Diabetes is a chronic condition that affects one’s capacity to regulate blood sugar levels. Many patients’ conditions worsen over time, making blood sugar levels more difficult to control. Glucagon-like peptide-1 (GLP-1) receptor agonists, such as semaglutide, have given patients greater control over blood sugar regulation.
John Buse, MD, PhD, the Verne S. Caviness Distinguished Professor of Medicine in the Division of Endocrinology and Metabolism, and an international team of researchers have presented new findings about new higher-dose formulations of oral semaglutide. Their study, which was published in The Lancet, found that once-daily oral semaglutide taken at 25 milligrams (mg) and 50 mg did a better job in lowering blood sugar levels and promoting weight loss than the lowest dose of 14 mg.
“Low doses of GLP-1 receptor agonists are really powerful for reducing A1C, or the average glucose in the blood,” said Buse, who is also co-director of the NC Translational and Clinical Sciences Institute. “Whereas, the higher doses are really good for weight reduction. On average, patients lost eight kilograms (17.5 lbs) at 50 milligrams, which is nearly twice as much weight loss that we saw with the lowest dose.”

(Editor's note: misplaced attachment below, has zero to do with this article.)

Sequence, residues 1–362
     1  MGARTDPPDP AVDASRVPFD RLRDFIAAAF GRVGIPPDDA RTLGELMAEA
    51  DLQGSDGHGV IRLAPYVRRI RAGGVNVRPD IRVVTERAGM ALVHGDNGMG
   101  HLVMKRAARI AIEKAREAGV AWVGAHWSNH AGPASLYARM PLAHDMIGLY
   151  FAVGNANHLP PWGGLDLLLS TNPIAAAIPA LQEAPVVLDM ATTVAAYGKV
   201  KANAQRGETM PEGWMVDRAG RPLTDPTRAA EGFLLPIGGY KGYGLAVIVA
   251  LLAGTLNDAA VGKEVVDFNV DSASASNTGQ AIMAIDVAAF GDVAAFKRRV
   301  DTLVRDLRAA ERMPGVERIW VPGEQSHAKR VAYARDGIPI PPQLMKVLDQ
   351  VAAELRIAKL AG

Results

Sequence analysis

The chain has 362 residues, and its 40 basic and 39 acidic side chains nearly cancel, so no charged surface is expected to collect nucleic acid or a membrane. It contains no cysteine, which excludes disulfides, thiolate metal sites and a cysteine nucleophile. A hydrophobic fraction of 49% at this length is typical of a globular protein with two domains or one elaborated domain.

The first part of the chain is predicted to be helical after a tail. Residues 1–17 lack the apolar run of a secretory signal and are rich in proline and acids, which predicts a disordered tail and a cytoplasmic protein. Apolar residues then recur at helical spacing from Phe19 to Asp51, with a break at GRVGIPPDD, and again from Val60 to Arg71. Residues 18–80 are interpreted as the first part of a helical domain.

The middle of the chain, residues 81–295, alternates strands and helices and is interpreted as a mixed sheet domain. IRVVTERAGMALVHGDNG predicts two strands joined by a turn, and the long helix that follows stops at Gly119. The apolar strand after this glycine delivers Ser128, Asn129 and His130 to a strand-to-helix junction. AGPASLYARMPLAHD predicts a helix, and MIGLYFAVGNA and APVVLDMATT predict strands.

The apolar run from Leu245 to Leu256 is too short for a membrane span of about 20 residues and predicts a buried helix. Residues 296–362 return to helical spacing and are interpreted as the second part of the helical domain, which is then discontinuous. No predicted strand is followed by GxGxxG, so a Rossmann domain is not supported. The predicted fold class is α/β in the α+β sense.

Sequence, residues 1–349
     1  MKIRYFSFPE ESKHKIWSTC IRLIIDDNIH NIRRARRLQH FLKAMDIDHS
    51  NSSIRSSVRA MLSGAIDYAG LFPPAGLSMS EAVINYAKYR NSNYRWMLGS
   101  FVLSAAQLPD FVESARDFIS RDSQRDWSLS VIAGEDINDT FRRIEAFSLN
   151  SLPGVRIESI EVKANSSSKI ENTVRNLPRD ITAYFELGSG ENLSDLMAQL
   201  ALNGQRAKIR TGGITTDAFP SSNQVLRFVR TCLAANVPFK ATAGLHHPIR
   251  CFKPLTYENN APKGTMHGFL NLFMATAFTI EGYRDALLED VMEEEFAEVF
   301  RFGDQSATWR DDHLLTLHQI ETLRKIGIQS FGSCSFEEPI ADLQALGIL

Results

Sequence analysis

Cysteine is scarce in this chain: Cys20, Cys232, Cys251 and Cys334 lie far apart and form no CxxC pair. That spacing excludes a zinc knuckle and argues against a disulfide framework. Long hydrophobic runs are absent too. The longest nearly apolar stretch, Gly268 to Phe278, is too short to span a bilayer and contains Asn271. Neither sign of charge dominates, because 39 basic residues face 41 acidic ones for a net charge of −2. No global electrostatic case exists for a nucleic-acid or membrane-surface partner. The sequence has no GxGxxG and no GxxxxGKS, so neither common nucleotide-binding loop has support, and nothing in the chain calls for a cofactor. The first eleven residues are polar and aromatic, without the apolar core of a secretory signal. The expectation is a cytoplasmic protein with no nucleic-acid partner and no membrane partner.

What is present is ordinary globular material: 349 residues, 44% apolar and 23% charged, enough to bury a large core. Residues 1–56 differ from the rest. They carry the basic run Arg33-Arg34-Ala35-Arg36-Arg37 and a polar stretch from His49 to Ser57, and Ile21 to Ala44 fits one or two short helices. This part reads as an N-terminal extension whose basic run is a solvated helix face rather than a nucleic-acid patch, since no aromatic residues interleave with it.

The new study is in line with other studies, which are pushing for the use of oral GLP-1 receptor agonists as a treatment for obesity.
In total, 1,606 participants, who were on average male and of 58.2 years of age, participated in the phase three program for regulatory approval. The participants were randomized into three groups and were asked to take oral semaglutide once a day. Each group took a different dosage of semaglutide, either a 14 mg dosage, a 25 mg dosage, or a 50 mg dosage, for 52 weeks.
Blood sugar levels are measured through a percentage, called A1C. According to the American Diabetes Association, most adults with diabetes need to have an A1C that is less than 7% to be considered healthy. All of the participants in the trial had an A1C between 8.0% and 10.5%.
Researchers found that those who received the 25 mg and 50 mg doses of oral semaglutide were more likely to reach the A1C target of & 7.0%, compared with those who took 14 mg.
Semaglutide also causes weight loss by suppressing appetite. At the end of the 52 weeks, the participants who took 50 mg of oral semaglutide had lost, on average, 17.5 pounds. Those who took 25 mg and 14 mg lost about 14.8 pounds and 10 pounds, respectively.
Over the course of the trial, researchers took note of side effects. The most common side effect was nausea, owing to the effect that the drug has on the fullness of the stomach. Some of the participants, particularly those who took the higher doses of 25 mg and 50 mg, experienced vomiting, diarrhea, and/or constipation.